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When a Debilitating Mental Illness Is Preventing You From Working, You May Be Able to Collect Disability

Crumpled Up Mental Illness Strips of PaperAs many as 20 percent of American adults are living with some form of mental illness, according to the National Alliance on Mental Illness, and one out of every 25 adults is coping with a serious disorder, such as schizophrenia, bipolar disorder, or major depression. While many people are able to manage their condition and continue to work, it is not uncommon for sufferers to experience bouts of illness that prevent them from working. If you are in this situation, you may be able to apply for Social Security Disability Insurance (SSDI). We explain how people with mental illness can collect disability in Indiana.

Meeting Basic Requirements

Whatever illness or injury is preventing you from working—including a mental disorder—you must meet the Social Security Administration’s basic requirements for collecting SSDI. You must have an impairment that prevents you from working for at least 12 months, and you must have paid into the Social Security system for at least five of the last ten years. If you meet these basic criteria, the next step is to determine if your mental illness is considered a qualifying disorder by the SSA.

Special Requirements Related to Mental Illness

The SSA’s Listing of Impairments—also known as the Blue Book—includes a section for mental disorders which discusses the symptoms, severity, and duration of the illness required to qualify for disability benefits. In general, applicants must have a medically documented history of the disorder over a period of at least two years. The section is divided into 11 categories, including the following:

  1. Neurocognitive disorders. This category includes dementia caused by Alzheimer’s disease as well as other illnesses. Sufferers must display a clinically significant decline in cognitive function to qualify for disability benefits.
  2. Schizophrenia spectrum and other psychotic disorders. Characterized by delusions, hallucinations, paranoia, social withdrawal, and odd beliefs or mannerisms, the sufferer must display a significant decline in functioning.
  3. Depressive, bipolar, and other psychotic disorders. Symptoms of these types of disorders include feelings of hopelessness or guilt, suicidal ideation, sleep disturbances, an increase or decrease in energy, reduced impulse control, sadness, euphoria, and social withdrawal.
  4. Anxiety and obsessive-compulsive disorder. People who are plagued by excessive anxiety, worry, apprehension, and fear may cope by avoiding feelings, thoughts, activities, objects, places, or people, making it very difficult to hold down a job.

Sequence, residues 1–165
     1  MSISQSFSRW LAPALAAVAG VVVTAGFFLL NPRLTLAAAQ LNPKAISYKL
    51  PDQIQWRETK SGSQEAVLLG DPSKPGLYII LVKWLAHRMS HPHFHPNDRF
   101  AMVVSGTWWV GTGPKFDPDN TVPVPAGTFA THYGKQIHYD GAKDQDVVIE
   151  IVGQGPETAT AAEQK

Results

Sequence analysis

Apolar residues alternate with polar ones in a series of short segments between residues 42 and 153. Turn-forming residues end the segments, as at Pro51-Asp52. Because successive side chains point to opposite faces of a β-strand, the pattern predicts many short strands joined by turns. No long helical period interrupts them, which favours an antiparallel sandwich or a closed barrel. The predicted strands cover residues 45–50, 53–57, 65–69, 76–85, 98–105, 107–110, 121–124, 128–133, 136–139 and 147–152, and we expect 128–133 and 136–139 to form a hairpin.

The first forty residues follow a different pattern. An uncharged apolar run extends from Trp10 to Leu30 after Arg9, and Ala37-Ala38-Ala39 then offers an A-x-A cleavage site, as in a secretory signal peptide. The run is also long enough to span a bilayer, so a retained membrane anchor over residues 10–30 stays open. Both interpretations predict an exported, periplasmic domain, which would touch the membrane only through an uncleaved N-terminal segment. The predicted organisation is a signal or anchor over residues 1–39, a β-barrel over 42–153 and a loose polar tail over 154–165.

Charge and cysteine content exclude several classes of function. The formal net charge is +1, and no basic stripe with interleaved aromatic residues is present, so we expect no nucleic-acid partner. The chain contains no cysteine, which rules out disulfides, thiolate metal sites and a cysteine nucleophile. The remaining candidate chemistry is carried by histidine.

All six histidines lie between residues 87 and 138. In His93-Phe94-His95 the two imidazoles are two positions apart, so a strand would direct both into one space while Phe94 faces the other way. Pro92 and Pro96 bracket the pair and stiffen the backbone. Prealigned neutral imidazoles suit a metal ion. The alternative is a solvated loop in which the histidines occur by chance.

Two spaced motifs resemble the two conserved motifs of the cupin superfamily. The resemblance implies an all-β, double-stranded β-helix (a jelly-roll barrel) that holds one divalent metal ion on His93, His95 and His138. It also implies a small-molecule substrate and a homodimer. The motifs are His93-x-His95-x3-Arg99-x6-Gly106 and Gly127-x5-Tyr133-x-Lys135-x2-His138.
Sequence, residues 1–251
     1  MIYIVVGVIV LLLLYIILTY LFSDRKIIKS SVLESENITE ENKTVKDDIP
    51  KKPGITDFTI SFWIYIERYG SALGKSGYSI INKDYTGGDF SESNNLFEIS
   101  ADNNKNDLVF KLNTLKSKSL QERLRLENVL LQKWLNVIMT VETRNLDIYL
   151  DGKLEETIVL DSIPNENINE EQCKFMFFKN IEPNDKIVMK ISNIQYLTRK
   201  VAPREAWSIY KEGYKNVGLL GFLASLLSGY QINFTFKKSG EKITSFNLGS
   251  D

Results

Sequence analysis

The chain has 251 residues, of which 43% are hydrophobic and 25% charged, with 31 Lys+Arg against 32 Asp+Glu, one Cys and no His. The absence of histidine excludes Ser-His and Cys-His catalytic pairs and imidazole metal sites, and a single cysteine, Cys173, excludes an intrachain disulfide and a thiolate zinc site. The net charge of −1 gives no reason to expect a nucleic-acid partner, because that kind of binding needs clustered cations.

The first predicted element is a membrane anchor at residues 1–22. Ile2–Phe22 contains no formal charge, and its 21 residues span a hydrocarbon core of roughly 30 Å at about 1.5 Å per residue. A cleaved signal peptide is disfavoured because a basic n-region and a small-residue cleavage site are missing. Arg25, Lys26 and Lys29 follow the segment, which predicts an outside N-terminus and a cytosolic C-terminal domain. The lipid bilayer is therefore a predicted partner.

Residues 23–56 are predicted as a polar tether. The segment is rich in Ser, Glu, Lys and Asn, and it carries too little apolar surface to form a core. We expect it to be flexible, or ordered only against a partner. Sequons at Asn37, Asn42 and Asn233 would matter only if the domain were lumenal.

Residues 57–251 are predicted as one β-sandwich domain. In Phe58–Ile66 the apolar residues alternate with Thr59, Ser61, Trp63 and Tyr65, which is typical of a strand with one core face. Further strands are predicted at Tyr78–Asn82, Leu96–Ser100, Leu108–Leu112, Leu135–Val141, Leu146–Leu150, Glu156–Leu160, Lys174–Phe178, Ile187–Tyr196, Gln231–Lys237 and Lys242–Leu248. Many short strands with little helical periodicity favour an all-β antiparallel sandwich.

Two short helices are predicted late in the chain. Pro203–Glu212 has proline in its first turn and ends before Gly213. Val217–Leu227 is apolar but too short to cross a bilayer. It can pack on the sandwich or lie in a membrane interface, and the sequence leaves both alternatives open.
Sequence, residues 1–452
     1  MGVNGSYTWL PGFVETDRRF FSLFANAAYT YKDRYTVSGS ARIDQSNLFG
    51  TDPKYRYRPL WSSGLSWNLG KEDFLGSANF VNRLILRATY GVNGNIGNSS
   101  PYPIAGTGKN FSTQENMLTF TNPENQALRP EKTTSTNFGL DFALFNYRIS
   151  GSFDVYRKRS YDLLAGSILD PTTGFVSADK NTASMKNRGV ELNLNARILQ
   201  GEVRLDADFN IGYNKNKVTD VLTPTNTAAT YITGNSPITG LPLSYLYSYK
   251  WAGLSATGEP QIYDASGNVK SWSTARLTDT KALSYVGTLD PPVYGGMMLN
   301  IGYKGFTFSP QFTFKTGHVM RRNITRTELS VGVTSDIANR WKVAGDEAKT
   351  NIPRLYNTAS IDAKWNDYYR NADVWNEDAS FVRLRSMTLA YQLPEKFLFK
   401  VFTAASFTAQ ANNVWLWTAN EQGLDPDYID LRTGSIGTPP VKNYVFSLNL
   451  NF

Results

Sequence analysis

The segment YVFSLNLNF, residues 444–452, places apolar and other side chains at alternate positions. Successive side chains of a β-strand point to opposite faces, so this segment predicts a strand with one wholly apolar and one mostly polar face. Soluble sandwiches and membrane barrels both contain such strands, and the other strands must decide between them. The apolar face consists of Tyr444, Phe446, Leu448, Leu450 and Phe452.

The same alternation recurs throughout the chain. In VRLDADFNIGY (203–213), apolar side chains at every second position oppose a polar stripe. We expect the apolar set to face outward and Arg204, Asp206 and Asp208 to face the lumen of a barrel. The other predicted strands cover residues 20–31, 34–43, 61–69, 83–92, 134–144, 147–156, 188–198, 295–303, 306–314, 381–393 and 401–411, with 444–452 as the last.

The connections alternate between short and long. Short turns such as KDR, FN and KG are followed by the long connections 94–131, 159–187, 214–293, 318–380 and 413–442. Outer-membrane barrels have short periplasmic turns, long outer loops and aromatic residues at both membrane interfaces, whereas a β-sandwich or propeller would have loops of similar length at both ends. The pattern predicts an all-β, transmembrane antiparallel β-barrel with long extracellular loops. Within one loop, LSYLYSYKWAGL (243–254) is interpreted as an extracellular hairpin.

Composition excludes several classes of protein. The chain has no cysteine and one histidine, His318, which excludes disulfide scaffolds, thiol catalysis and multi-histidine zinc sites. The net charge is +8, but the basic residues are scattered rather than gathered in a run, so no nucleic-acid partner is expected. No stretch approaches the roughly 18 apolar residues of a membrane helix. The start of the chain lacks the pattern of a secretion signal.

5. Somatic symptom and related disorders. Characterized by physical symptoms or deficits that cannot be fully explained by a general medical condition, another mental disorder, a drug or medication, or other rational cause. If the symptoms are untreatable and interfere with normal functioning, the sufferer may apply for disability benefits.
  6. Personality and impulse-control disorders. These disorders are characterized by enduring, inflexible, maladaptive, and pervasive patterns of behavior and include paranoid, schizoid, schizotypal, borderline, avoidant, dependent, obsessive-compulsive personality disorders, and intermittent explosive disorder.
  7. Eating disorders. Disorders including anorexia nervosa, bulimia nervosa, binge-eating disorder, and avoidant/restrictive food disorder can interfere with one’s ability to interact with others, understand and apply information, adapt and manage oneself, and more, making work very difficult.
  8. Trauma- and stressor-related disorders. When a person has experienced or witnessed a traumatic or stressful event, the psychological aftermath can have significant effects on functioning, reducing the ability to perform work functions.

Each type of disorder will be evaluated based on a specific set of criteria, but you must be able to show that you have participated in ongoing treatment and that, despite trying to control symptoms, you are unable to function in a work environment.

Our Disability Attorneys Can Help

It’s never easy to get a Social Security disability application approved—especially the first time—but claims of mental illness are particularly difficult to prove. You will need a clear diagnosis from a medical professional, an assessment of your ability to perform work tasks, evidence of your commitment to treatment, and more. Our Indianapolis attorneys understand what you are going through. We have experience helping those experiencing mental illness successfully apply for Social Security disability. Contact our office for the help you need today.

 

James R. Keller
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Partner at Keller & Keller

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